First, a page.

Babe Ruth and Joe DiMaggio were fans. Actress Barbara Stanwyck was regularly spotted in the crowd. Notre Dame football coach Knute Rockne loved them. Bing Crosby was said to have paid injured racers’ hospital bills. The races were also the first televised sport in the United States. Chances are you’ve never heard of six-day bicycle racing. But back in the day, there wasn’t a much bigger event than a "six-day."
So what exactly is this unique experience? While the modern-day version of the sport differs slightly from the original, it’s essentially six days filled with ultracompetitive racing—seven or eight types of races per day: speed races, endurance races, single-lap elimination races, and more. With a two-man team, one racer rests while the other cycles around the track, and the goal is to gain laps. At the end of the six-day event, the team that has accumulated the most laps wins.
"You can’t help but walk away from a six-day race and be a better rider."
— Jackie Simes
The race, conceived in the late 1800s, was designed to test a man’s limits. At first, racers would stay on the track from early in the morning to late at night, and wake up the next day to compete again. Eventually the sport became more punishing when riders would complete laps for 24 hours a day, with one team member resting while the other stayed on the track. An 1897 New York Times article described the extreme nature of the sport: "[An athletic contest which will] strain their powers until their faces "become hideous with the tortures that rack them, is not sport. It is brutality. Days and weeks of recuperation will be needed to put the [Madison Square] Garden racers in condition, and it is likely that some of them will never recover from the strain."
"At its peak in the 1930s and ’40s, six-day bicycle races were incredibly popular," says Jack Simes, CEO of the National Cycling Association. "Madison Square Garden and other arenas around the country were packed, and the racers were some of the most famous athletes around."
While the sport has faded from the American landscape (Simes is hoping to change that), six-day races continue to thrive across Europe, playing to packed velodromes, or arenas with a racing track, in cities such as Rotterdam, Berlin, and Ghent, where fans enjoy a unique combination of grueling athleticism and a festival-like atmosphere. "If you’ve never seen a six-day, it’ll blow your mind," says John Wilcockson, a veteran cycling journalist.
"I love the competition," says pro Jackie Simes, (Jack’s 23-year-old son), a racer who’s taken on several European events. "Not only is the intensity of the racing at a very high level but the speed in which you have to react on the track helps in all aspects of my cycling." Indeed, some of today’s best road racers can be found at the velodromes, including the German Olympic champion Robert Bartko, Roger Kluge, and Danilo Hondo, as well as Danish stars Michael Mørkøv and Alex Rasmussen. "You can’t help but walk away from a six-day race and be a better rider," Simes says.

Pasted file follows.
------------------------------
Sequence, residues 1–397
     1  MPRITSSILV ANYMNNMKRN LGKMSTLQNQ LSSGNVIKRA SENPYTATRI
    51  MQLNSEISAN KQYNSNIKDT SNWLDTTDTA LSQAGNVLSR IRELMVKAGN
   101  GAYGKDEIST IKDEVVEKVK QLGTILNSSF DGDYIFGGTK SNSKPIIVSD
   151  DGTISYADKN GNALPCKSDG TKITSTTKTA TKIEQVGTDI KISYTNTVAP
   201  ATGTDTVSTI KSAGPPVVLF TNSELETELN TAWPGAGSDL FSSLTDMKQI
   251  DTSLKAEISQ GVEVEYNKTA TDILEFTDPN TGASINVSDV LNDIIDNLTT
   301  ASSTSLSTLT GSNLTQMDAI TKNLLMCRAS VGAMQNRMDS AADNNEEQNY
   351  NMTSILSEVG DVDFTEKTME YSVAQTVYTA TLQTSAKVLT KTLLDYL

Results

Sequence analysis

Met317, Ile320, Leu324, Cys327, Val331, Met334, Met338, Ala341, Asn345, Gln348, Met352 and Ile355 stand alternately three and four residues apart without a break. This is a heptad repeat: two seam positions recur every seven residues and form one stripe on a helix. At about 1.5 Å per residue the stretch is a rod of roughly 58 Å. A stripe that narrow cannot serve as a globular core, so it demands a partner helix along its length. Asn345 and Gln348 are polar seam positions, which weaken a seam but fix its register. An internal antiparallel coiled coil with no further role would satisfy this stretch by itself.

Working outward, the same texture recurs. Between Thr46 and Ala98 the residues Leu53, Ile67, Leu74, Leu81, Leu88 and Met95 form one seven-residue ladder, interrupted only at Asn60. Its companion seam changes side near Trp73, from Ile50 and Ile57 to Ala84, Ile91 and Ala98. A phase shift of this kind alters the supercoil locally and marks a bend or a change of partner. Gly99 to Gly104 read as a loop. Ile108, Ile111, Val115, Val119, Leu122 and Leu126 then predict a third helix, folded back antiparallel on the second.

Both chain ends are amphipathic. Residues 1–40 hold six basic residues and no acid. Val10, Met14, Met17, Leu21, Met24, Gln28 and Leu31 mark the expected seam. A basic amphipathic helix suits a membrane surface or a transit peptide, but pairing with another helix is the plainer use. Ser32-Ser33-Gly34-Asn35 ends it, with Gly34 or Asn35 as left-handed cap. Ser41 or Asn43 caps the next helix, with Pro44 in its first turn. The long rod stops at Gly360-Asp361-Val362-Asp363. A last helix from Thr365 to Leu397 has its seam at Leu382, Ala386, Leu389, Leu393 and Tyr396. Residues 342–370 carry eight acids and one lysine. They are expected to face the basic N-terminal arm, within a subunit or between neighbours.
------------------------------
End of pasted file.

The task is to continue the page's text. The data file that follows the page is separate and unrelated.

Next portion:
Today’s six-day races are far more humane (about eight hours’ worth of racing a day versus 24, and not continuous), though fans still enjoy the spectacle of watching cyclists fly around the track. And unlike road racing, it all unfolds right there in the arena. "Think about it like this," says Wilcockson. "At the Tour de France, people stand on the side of the mountain for hours, and then in seconds all the riders fly by, and you’re done. In a six-day race, you get to see it all."
"The roots of six-day racing are right here in the United States, and I really do believe there’s a place for it on our sports landscape."
— Jack Simes
The highlight of every six-day event is a race called the Madison, in honor of Madison Square Garden—the original epicenter of six-day bicycle racing. In the Madison, one teammate rides at full speed on the lower half of the track while the other paces slowly at the top of the bank. Suddenly, the racer up top drops down next to his partner, who literally grabs his hand and whips him forward with extra momentum in the hope of gaining a lap on the other teams. A human slingshot, if you will. "The Madison is the best," says Jackie Simes. "It’s so dramatic to watch—to ride in too. Timing is key on so many levels. It’s great."
The other unique aspect to the European six-day experience is that it truly is an experience. "Fans don’t sit passively watching riders go round and round," notes Jack Simes. "There’s food and beverages, and between races there’s usually some type of a show—a singer, a band. It’s so much more than a sporting event."
The elder Simes is currently working to bring the fun back to North America. Plans are under way to construct a temporary velodrome in New York City’s Kingsbridge Armory for a race tentatively scheduled for May 17–22. "The roots of six-day racing are right here in the United States, and I really do believe there’s a place for it on our sports landscape," says Simes. "It’s exciting. It’s dramatic. And it plays well on television."
And if Jack Simes has his way, the sport will eventually come full circle, to a TV near you. "My dream is to turn on my television and watch this kind of cycling again," he explains. "Six-day racing is a great event, and once people see it they’ll understand."
Lane Strauss is a freelance writer based in Cleveland. He has written for ESPN The Magazine, Cleveland Magazine, and Ohio Magazine. His new book, Extra Innings, can be found at amazon.com.
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